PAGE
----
Orvieto’s history begins in the 9th-8th century BC, when the Etruscans settled on the crag for the first time. The Etruscan town was known as Velzna (Volsinii in Latin), a city that flourished economically in the 6th century BC, due to its production of china (bucchero) and bronze works.
From a political point of view, Velzna was at the forefront of the struggle against Roman expansionism. As a result, in 254 B.C., it was occupied by the enemy and ravaged. Following the destruction of the city its inhabitants were dispersed and forced to relocate to the highlands overlooking the lake of Bolsena. Velzna then became known as Volsinii Veteres (Ancient Volsinii) or Urbs Vetus (the Old City) and Bolsena was known as Volsinii Novi (New Volsinii).
During barbaric invasions, Orvieto was seized by Alarico and Odoacre. Vitige took advantage of its strategic natural position to create a defensive stronghold in the war against the Byzantines. The imperial general Belisarius succeeded in conquering the area after a bitter siege in 538 A.D.; it was then reoccupied temporarily by Totila before finally being defeated by the Goths.
In 596 A.D. Orvieto was occupied by the Longobard Agilulfo and gained its own bishop; later, in 606, it obtained counts. Count Farolfo, within the framework of the religious rebirth imposed by Emperor Otto III and in collaboration with Saint Romualdo, promoted the establishment of abbeys and monasteries in the surrounding territories. In the 11th century Orvieto became a Comune or City-State and noblemen from the area began to build towers and palaces.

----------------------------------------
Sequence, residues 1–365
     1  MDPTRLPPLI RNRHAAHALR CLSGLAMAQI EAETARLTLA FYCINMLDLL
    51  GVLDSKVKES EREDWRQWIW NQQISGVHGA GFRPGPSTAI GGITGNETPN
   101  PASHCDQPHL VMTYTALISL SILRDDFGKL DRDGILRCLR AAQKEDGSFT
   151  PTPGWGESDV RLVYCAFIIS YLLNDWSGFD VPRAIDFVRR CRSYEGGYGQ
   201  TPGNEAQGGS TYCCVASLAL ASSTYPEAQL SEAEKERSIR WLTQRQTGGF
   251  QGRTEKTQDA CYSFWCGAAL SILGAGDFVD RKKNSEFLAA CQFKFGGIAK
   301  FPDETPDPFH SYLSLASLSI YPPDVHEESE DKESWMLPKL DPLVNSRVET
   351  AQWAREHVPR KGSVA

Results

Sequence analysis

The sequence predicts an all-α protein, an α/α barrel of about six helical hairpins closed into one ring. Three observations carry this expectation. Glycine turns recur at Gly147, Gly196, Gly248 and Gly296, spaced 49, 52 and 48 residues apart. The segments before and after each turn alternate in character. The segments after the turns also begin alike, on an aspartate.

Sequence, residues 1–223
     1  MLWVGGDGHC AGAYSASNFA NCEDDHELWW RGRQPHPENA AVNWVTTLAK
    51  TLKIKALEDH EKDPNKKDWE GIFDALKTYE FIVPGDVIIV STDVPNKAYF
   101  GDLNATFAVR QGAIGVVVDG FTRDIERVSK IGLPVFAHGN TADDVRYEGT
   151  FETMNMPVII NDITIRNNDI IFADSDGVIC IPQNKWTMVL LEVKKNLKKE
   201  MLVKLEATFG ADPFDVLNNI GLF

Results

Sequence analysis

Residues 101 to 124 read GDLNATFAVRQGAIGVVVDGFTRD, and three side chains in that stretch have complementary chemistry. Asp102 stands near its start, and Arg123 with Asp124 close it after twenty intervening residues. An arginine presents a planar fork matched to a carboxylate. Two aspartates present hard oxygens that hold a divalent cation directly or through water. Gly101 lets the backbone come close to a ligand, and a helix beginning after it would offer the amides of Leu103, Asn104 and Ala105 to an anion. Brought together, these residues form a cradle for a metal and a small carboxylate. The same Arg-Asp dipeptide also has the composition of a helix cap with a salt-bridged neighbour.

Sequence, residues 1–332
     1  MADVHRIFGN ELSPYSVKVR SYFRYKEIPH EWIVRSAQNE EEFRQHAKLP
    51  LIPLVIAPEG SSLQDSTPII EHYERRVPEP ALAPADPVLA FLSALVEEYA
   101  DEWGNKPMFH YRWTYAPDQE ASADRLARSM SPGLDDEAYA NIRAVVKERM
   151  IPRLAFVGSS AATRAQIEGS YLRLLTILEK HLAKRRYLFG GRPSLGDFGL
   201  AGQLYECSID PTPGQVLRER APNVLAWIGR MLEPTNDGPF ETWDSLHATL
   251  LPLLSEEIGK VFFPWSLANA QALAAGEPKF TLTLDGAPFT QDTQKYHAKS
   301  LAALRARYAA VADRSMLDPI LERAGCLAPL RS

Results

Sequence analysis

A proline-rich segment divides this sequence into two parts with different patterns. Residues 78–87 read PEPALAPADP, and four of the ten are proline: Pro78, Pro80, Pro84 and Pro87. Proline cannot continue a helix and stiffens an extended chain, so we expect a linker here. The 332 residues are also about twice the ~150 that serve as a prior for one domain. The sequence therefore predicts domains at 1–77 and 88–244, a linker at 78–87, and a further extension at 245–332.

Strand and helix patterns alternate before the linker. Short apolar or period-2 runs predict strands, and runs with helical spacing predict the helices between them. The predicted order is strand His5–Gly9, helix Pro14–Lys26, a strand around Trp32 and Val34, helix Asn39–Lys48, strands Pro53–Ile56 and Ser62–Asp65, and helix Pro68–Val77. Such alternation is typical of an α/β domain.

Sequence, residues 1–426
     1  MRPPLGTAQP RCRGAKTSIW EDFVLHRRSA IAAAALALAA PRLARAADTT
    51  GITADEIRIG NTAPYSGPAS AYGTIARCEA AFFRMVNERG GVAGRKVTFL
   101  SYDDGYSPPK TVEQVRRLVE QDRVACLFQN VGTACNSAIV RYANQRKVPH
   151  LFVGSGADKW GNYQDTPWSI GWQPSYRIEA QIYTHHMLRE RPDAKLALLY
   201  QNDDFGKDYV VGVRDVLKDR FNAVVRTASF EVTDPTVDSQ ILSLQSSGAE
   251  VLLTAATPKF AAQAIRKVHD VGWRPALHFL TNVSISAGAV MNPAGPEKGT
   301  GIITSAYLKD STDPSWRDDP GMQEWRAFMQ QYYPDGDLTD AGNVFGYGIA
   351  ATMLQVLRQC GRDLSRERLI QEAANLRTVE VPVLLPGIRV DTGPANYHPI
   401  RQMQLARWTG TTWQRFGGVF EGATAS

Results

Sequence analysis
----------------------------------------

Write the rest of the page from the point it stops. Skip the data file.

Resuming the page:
from 1,000 AD on
The institution of the Comune is documented beginning in 1137. Twenty years later a treaty was signed with Pope Adriano IV, which increased papal influence in the city and gave way to the struggle between the Guelfs (the papal faction) and the Ghibellines (the imperialist faction). This struggle extended over a long period of time and marked the successive history of the city.
Orvieto soon became the Guelph stronghold of central Italy, holding out against the repeated attacks of the Ghibellines who had been expelled, and the emperors Frederick I and Henry IV. In 1199, the Pope appointed the first Podesta' of Orvieto, Piero Parenzo, who was later killed in the civic battles between the Monaldeschi (Guelphs) and the Filippeschi (Ghibellines).
In the meantime, the jurisdiction of the Comune was extended from Mount Amiata to Orbetello. Orvieto’s success can be seen in the flourishing construction during this period.
Many churches were built including San Lorenzo degli Arari, San Francesco, San Domenico, and Santa Maria dei Servi as well as the Cathedral whose construction began in 1290. Public buildings were erected as well, including the Communal Palace, the Palazzo del Capitano del Popolo, and the Papal Palace.
In the years 1281-1284, Pope Martino IV established a seat in Orvieto. With him he brought many Frenchmen against whom the citizens rebelled. Old battles were rekindled, and the Filippeschi (Ghibellines) were expelled in August of 1313. In 1334, Orvieto beheld its first Lord, Ermanno Monaldeschi della Cervara, who reigned until his death in 1337. In 1354 Cardinal Albornoz occupied Orvieto subjecting the city to papal rule. However, Orvieto preserved its communal institutions, later becoming the capital of the fifth province of the papal state.
In 1860 Orvieto was annexed to the Kingdom of Italy, which later became the Republic of Italy.